Monash University's Department of Geriatric Medicine is pioneering a high-tech way of consulting with elderly patients so they do not have to leave their nursing home beds.
Professor Barbara Workman, head of geriatric medicine and director of the Monash Ageing Research Centre, based at the Kingston Centre in Cheltenham, says pain management is one of the biggest challenges facing geriatricians.
In an Australian first, Professor Workman, who is also director of the centre's Pain Clinic, has developed a way for specialists to consult with frail patients via video-conferencing.
"At the pain clinic, we are often asked to see nursing home patients -- the frailest, most vulnerable and most complex patients in our communities," Professor Workman said. "But we found we couldn't get to the many people who needed specialist care, and the trauma, time and cost involved in transporting frail elderly patients to pain management clinics was just too great."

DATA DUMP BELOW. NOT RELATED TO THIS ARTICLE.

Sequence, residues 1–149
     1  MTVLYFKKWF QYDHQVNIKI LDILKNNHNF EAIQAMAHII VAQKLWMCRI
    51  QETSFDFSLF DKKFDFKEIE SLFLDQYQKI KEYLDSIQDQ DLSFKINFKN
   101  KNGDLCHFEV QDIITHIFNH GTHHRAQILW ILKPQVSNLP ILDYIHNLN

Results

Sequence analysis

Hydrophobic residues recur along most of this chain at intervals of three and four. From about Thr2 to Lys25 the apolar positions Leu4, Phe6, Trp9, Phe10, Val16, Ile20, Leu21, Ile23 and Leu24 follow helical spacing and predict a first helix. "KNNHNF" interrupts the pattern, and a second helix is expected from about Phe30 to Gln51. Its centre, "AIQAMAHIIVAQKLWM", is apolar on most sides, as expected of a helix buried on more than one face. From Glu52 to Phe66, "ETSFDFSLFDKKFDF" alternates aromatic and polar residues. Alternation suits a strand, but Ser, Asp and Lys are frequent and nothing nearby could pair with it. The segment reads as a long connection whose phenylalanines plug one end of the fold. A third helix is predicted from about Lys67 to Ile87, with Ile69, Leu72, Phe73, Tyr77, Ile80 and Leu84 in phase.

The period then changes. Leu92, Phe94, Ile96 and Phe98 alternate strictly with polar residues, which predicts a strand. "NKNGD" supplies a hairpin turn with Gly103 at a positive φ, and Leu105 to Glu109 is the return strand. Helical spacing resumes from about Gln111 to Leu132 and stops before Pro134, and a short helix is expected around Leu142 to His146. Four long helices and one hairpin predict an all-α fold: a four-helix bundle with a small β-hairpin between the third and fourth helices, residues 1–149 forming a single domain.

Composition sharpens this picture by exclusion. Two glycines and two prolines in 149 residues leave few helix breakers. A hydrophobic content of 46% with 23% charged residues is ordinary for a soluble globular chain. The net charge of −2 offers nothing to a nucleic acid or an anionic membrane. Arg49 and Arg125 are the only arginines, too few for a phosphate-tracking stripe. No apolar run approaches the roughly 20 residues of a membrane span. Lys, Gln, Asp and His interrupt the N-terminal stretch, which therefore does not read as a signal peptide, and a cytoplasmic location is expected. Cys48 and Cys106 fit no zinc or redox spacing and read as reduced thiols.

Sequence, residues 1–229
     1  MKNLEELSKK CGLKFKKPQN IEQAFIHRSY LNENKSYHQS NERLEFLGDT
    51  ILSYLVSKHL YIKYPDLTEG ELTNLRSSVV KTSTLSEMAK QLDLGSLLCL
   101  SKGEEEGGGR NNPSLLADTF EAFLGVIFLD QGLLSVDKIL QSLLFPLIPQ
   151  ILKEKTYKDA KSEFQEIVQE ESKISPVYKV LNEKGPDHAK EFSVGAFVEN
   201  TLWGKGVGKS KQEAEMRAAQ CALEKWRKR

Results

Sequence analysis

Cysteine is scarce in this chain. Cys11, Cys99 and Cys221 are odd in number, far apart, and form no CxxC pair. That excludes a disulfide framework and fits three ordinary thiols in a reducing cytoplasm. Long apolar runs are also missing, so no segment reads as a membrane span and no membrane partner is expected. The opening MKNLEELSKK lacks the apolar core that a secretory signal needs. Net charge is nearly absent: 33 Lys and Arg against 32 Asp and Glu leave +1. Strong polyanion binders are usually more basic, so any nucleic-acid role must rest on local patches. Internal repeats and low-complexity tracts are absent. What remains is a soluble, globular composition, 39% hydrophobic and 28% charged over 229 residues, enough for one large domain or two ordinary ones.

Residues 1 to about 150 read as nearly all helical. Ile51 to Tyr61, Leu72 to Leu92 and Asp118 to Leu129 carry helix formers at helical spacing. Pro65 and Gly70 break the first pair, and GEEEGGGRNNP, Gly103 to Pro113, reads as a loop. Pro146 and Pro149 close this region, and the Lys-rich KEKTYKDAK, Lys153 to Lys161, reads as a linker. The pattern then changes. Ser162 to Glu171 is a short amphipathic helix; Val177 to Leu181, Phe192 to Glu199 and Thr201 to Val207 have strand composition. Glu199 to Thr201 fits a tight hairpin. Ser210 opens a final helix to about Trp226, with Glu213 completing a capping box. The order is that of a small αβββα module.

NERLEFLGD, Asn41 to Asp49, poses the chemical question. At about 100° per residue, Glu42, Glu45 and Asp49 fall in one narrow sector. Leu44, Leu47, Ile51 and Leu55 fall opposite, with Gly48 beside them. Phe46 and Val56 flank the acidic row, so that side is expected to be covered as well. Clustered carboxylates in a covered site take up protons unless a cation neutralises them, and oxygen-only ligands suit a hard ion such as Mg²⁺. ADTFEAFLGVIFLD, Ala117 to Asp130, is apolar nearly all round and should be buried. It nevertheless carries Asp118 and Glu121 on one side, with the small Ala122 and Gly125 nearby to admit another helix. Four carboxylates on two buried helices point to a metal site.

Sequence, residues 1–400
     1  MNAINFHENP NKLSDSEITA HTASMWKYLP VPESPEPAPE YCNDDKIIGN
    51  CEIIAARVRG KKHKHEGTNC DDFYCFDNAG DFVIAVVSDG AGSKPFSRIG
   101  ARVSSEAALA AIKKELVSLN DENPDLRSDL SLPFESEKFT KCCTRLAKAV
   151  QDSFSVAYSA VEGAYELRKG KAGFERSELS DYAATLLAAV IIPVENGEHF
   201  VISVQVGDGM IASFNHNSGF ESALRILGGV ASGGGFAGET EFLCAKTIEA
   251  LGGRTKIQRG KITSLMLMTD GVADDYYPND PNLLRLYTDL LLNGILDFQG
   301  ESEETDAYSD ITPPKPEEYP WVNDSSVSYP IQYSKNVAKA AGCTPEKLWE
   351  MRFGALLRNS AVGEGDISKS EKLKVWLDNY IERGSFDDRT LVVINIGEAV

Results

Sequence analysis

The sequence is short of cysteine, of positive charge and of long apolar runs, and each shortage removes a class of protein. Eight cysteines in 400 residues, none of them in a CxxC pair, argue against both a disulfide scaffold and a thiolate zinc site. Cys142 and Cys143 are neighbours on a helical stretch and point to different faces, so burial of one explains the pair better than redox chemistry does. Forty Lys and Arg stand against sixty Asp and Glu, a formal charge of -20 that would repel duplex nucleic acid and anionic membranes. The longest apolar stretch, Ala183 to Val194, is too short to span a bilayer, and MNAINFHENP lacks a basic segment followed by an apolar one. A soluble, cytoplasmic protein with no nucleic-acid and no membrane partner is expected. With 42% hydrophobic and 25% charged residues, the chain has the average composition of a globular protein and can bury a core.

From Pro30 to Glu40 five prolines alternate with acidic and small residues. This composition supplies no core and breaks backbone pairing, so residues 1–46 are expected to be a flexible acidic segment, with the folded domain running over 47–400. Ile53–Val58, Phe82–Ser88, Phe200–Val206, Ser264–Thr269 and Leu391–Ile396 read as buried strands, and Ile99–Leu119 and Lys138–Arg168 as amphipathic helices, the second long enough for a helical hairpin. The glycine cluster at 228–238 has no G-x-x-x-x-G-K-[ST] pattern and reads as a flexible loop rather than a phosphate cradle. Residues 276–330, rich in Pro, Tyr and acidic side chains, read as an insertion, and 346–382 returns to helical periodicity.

So Professor Workman came up with the idea of using video-conferencing as a solution. With $50,000 funding from a Department of Health and Ageing innovation grant, she began testing the method last month, using technology to provide 'bedside' consultations to patients at Kingston.
"I have been able to provide full consultations, talking with the patients about their conditions and where they're experiencing pain -- and I can also see if a patient is wincing but claiming she does not have pain in a particular area," Professor Workman said. "And the patient can see me, which is equally important for credibility and feeling comfortable."
The clinic is also exploring the possibility of using video phones for the consultations, which can provide top-quality images. Professor Workman and her colleagues, including Dr Chris King who is also working on the project, are evaluating the success of the video-conferencing by surveying the patients and nursing home staff.
The next step will be applying for funding to expand the program -- not just for pain management but also for a range of conditions affecting elderly patients.
"The physical, emotional and financial savings for patients, their families and the health care system could be enormous," Professor Workman said.